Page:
Since you’re reading this, obviously we made it home. Thankfully we made it without any glitches, as smooth as can be expected in these teams of Fort Knox-level security and bare-bones travel.
As usual, dealing with the people in Austin’s airport is miles apart from dealing with people at Boston’s Logan. They were warm, friendly, and helpful. Logan workers are often helpful (but not always) and usually polite, but rarely are they warm and open.
We were able to switch our seats to a completely open row near the rear of the airplane, so I could jump across the aisle and Isabella could have a seat to herself. It’s amazing the difference between flying in coach when it’s full and flying when you have room to breath. It’s nearly like flying business class. And while JetBlue doesn’t offer a meal, I do appreciate the constant flow of complimentary beverages, especially since you can’t carry anything through security. And you can carry sandwiches through (for now), which are better than any economy-class airline meal anyway.
You can see Isabella in that photo up there, sitting in her seat and watching “Finding Nemo”, which I had ripped to the hard drive to save battery power. (Don’t worry, I do own the DVD.) Consider that photo an abberation, however, as on this flight Isabella was much more apt to want to get out of the seat and go into the aisle. She had an uncanny ability to fall down or drop her sippy cup or doll just as someone was coming by to go to the lavatory.
As for me, I watched a Travel Channel marathon of Anthony Bourdain’s “No Reservations”, which it’s always entertaining to see someone consume what is to me looks disgusting (and based on his reaction probably is) and/or eat food that is so spicy as to make my eyes water, just watching him eat it.
My always helpful and ready-to-assist brother-in-law Pete picked us up at the airport, along with my nieces Kateri and Chiara, saving us $40 for a taxi. Thanks Pete!
And then home again, where I had to figure out how to turn on the new water heater the landlord had installed in our absence and turn up the heat and pull my car out of the garage and put it behind Melanie’s in the driveway and put the car seat back in her car and … the million things you do when you come home after being away for a bit more than a week. On tomorrow’s to-do list: Take down the Christmas tree and figure out whether the city disposal date has passed.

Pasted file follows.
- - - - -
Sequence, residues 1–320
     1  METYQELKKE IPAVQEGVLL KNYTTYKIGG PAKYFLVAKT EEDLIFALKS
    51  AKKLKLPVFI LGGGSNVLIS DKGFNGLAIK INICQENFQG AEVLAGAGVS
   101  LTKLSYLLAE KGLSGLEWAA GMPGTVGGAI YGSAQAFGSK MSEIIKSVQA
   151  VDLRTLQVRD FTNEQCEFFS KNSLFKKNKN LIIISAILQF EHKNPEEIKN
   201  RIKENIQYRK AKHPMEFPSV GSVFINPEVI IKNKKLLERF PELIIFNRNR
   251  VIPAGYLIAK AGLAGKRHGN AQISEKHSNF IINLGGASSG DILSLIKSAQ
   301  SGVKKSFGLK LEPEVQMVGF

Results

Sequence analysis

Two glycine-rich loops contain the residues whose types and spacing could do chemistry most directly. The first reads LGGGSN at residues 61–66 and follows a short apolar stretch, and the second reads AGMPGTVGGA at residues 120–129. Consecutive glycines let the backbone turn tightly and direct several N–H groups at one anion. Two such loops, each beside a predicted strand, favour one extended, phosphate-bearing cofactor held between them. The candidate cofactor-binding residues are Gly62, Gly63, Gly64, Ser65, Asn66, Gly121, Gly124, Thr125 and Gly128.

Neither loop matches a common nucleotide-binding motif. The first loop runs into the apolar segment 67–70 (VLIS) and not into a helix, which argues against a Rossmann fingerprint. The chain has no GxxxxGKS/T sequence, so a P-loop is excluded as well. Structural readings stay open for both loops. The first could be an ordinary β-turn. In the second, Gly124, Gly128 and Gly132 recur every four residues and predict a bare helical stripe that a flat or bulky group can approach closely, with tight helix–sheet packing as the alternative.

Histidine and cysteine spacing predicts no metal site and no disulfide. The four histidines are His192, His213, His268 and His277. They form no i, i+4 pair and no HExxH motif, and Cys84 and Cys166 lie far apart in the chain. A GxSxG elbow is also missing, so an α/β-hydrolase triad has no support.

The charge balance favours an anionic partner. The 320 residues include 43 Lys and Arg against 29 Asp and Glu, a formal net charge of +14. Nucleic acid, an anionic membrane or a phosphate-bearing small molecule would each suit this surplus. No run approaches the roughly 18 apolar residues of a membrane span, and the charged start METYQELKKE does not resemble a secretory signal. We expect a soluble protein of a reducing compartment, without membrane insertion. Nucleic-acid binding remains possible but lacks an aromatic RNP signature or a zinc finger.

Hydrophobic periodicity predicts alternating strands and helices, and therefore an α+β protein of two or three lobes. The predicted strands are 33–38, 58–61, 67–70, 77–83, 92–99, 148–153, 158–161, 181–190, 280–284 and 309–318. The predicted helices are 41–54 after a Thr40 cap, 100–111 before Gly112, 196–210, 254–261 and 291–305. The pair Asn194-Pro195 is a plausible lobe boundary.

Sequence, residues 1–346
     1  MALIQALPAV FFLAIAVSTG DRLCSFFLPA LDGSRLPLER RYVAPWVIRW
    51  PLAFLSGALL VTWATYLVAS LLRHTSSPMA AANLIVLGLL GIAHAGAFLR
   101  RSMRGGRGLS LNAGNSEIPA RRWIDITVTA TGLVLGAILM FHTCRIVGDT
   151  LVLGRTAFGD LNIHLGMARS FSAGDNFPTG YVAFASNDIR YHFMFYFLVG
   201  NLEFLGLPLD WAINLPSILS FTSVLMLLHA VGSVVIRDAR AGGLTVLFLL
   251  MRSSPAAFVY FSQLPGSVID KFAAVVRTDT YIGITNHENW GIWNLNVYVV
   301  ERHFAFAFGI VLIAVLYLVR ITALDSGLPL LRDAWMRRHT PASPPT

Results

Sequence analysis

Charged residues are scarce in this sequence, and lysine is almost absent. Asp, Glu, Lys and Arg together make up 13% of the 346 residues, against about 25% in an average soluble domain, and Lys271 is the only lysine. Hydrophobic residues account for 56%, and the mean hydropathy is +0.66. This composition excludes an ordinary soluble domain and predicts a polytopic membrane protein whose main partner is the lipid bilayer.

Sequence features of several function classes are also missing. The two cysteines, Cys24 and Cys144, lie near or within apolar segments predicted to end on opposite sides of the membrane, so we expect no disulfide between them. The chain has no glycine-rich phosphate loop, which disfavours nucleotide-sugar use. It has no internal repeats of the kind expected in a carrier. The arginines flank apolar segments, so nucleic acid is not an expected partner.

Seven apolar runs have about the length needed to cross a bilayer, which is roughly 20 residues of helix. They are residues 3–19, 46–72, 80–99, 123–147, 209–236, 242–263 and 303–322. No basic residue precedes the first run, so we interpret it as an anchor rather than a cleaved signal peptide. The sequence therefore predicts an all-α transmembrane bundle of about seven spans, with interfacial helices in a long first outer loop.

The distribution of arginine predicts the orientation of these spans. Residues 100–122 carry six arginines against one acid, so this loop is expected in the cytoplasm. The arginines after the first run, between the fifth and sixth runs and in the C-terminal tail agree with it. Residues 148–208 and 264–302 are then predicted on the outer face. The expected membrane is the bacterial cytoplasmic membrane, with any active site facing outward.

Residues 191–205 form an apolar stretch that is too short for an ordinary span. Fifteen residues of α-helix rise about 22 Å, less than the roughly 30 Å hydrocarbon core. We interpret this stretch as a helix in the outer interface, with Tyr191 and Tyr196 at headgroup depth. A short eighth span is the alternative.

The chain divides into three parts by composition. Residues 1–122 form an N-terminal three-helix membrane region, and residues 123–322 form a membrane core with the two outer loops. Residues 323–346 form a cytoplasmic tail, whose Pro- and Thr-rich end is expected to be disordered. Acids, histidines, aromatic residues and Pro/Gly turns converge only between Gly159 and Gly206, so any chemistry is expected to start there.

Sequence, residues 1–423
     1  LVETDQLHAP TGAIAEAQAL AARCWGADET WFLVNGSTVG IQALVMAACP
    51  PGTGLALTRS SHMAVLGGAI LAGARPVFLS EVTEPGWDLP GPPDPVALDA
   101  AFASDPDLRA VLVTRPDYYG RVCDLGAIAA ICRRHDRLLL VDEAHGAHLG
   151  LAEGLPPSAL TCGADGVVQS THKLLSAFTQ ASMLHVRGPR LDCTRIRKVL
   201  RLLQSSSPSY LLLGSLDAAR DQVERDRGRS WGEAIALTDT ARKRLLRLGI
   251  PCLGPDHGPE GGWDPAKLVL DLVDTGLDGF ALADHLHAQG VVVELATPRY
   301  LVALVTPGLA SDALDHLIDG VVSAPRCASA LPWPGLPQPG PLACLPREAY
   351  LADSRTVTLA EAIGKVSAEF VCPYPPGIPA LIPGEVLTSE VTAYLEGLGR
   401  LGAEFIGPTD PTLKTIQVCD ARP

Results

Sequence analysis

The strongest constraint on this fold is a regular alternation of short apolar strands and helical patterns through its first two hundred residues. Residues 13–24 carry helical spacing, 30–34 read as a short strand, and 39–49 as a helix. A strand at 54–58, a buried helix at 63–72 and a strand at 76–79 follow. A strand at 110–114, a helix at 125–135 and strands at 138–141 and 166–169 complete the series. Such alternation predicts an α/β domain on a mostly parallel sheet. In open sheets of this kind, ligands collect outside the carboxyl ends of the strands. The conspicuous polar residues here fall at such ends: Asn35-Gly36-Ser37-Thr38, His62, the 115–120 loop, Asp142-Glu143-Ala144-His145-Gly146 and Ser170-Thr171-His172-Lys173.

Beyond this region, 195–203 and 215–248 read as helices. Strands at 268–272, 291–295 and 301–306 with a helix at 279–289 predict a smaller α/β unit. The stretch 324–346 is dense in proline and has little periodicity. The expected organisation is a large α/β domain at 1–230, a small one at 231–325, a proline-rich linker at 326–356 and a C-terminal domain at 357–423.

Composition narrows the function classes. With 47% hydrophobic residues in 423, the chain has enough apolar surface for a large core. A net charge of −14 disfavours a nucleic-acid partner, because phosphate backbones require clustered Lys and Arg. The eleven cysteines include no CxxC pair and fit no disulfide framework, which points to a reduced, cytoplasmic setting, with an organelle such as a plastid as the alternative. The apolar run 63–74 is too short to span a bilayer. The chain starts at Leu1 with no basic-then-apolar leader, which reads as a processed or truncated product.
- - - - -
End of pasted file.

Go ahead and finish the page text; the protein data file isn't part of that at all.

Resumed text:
Of course, there always work tomorrow and dealing with the piles of paper and meeting requests and notes and emails that have inevitably gathered in my absence, no one obliging me by refusing to work while I’m gone. Such inconsideration. Still, it will be good to jump back in, especially since we’re going to be so busy the next few weeks.
I feel especially bad for my in-laws who will miss Isabella so much. And Isabella as she begins to realize they’re not here. She had grown so close to them in the past week that it was tough to take her away from them. The consolation is that we should see them again soon when Melanie has Sophia at the end of February. I have to say that they are so generous in bringing us down and treating us and showering Isabella with love and attention. As the first grandchild on Melanie’s side of the family, she’s spoiled, spoiled, but in the good way with love. And it gives us a little bit of break to have several sets of helping hands at the ready to feed her, distract her, take her outside to play, read her books, etc.
And so on to the next challenges: The birth of our new baby and then moving again later in the spring. There’s never a dull moment.